April 3, 2012
To My Fellow Citizens:
Throughout history, most political regimes have been what professional categorizers of such things call “extractive.” We have no objection to the term. It is accurate enough and even vivid. Extractive regimes—that is, most regimes in most places in most times—protect the political and economic power of the ruling class by taking wealth from others. In the realm of international affairs, states and empires conquered others and extracted wealth from the defeated populations. Domestically, rulers imposed taxes on their subjects in order to fund the rulers’ enterprises, especially foreign wars.
On the surface, the extraction of wealth from the subjects by taxing them would seem to be limited only by the will of the ruler. But in practice, the imposition of high taxes on the population destroyed the incentives of those being taxed to produce, ultimately drying up the rulers’ source of revenue, often leading to the fall of the overreaching extractive political regime.
The American Founders, building on the liberal political theories of the 17th and 18th centuries, envisioned a different polity, a limited government the purpose of which was to protect the natural rights of its citizens. Such a government would of course require revenues, but taxes would be limited because the ends of government were limited.
The Constitution’s “spending clause” (Art. I, Sec. 8, Clause 1) permits the levying of taxes for only two purposes: to pay the debts of the United States and to provide for the common defense and general welfare of the United States. Some Founders, especially Alexander Hamilton, supported an expansive spending and taxing power for the national government, but even this most ardent advocate of a strong national government understood the limited purposes of government. For Hamilton, the taxing and spending power of the national government was best focused on stimulating economic growth.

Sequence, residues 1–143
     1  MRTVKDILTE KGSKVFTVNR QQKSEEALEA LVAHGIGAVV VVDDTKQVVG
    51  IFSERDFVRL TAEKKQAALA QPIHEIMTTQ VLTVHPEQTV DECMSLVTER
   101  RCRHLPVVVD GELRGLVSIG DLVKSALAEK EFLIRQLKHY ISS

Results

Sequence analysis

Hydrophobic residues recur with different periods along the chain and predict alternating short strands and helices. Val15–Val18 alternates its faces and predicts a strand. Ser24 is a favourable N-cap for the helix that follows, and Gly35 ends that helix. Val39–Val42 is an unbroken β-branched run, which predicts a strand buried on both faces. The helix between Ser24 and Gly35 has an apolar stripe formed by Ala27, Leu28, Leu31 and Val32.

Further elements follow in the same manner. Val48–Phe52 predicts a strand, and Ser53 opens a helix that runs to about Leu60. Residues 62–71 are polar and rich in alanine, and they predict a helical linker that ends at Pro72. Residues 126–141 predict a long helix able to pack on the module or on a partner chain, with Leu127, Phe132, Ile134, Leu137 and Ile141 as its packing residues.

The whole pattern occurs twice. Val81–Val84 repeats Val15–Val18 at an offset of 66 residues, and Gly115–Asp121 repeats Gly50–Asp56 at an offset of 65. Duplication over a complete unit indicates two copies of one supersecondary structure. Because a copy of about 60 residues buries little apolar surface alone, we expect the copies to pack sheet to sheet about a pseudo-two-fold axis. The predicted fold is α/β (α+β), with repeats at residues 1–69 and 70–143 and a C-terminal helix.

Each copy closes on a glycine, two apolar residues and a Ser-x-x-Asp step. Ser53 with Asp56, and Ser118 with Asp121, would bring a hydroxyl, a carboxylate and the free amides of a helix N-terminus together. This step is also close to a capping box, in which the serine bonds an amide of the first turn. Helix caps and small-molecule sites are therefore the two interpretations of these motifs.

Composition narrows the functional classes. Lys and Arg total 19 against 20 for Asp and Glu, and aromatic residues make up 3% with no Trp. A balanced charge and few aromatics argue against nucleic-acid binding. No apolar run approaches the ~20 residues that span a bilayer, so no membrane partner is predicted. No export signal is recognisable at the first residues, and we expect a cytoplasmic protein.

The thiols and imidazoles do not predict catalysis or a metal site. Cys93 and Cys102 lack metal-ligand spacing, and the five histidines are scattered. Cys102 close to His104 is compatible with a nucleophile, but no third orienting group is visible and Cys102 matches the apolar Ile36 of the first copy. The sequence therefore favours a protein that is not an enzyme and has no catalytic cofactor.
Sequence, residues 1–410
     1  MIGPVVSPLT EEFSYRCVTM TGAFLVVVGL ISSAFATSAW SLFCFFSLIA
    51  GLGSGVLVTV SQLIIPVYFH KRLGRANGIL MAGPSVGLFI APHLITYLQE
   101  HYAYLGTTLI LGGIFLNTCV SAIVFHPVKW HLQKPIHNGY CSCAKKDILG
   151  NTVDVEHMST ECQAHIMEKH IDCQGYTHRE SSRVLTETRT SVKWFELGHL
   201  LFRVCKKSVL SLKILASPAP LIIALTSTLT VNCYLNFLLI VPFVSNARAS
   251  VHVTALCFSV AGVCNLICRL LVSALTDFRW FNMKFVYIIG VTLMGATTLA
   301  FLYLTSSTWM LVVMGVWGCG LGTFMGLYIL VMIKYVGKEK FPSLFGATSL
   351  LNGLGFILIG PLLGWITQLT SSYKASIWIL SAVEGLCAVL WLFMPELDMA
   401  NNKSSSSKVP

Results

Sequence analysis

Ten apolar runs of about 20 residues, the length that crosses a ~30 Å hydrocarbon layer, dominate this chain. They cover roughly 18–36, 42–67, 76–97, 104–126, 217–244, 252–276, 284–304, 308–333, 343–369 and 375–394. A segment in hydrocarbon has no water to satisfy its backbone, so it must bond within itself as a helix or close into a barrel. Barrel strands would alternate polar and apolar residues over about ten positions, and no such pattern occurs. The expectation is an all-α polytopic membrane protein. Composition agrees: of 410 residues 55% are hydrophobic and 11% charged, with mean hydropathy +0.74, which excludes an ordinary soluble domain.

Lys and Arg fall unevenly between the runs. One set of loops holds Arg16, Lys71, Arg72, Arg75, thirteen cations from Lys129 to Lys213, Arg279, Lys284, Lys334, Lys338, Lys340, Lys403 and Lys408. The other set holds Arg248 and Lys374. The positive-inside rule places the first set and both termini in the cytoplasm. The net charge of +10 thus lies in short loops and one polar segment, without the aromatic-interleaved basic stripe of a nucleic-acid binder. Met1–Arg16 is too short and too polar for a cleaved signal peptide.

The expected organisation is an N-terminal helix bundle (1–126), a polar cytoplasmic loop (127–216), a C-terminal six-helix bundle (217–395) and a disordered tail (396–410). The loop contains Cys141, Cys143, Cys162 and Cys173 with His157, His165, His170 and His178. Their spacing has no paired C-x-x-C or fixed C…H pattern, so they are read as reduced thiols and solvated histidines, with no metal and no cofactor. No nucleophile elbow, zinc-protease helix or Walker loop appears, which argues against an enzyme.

Hamilton and the other Founders understood, as Adam Smith taught, that freedom and economic growth could occur only if the government’s power to interfere with the natural rights of individuals, especially the right to property, was constrained. They understood that sacrificing the natural rights of individual citizens to a government of unlimited powers would lead to slavery, not freedom. As James Madison argued in Federalist 10, the protection of the diverse faculties of men, from which the rights of property originate, “is the first object of government.”
As we have argued repeatedly in these letters, the Founders’ understanding of the Constitution as a charter for limited government has over the course of a century largely been overturned by a progressivism the central idea of which is that the job of government is to provide for the material well-being of all. The government envisioned by the progressives is necessarily unlimited in scope. And if the ends of government are unlimited, the revenues necessary to achieve those ends are likewise unlimited. Progressive government is a return to an extractive political regime.
In practice, taxation under the progressives’ extractive regime amounts to adjudicating the distribution of resources among competing claimants. For today’s progressives, the United States is not a community of individuals, but an array of groups whose demands must be met. But since government produces nothing on its own, certain favored groups prosper at the expense of others. Wealth must be transferred from more productive citizens to less productive ones. Modern progressives may invoke the language of rights, but what they really mean by the term, as we have seen, are privileges or claims to resources that are granted by government. All of this is done in the name of “equity” and “fairness.”
The problem with the progressive version of the extractive polity is the same one that the old-fashioned extractive polity faced: raising taxes to pay for an unlimited government destroys the incentives of productive citizens to create the wealth that underpins economic growth. Without economic growth, taxes and wealth transfers create a zero-sum or negative-sum outcome. This situation is what economists call “rent-seeking”: the distribution of a fixed stock of goods. Politics in such a regime is reduced to the maneuvering of politicians seeking advantage by redistributing wealth to favored groups in the expectation that those favored groups will re-elect them.
As the old saying goes, all that is certain in life is death and taxes. The problem today is that progressivism has distorted the end of government, eliminating the constraints the Founders recognized as necessary in a republic dedicated to the protection of natural rights. But unlimited government requires unlimited revenues. The result is a system of taxation that kills economic growth by interfering with the release of productive capital into the economy. Those who want a preview of the future of a progressive America need only look to Europe, where governments seeking to redistribute wealth have run out of other people’s money.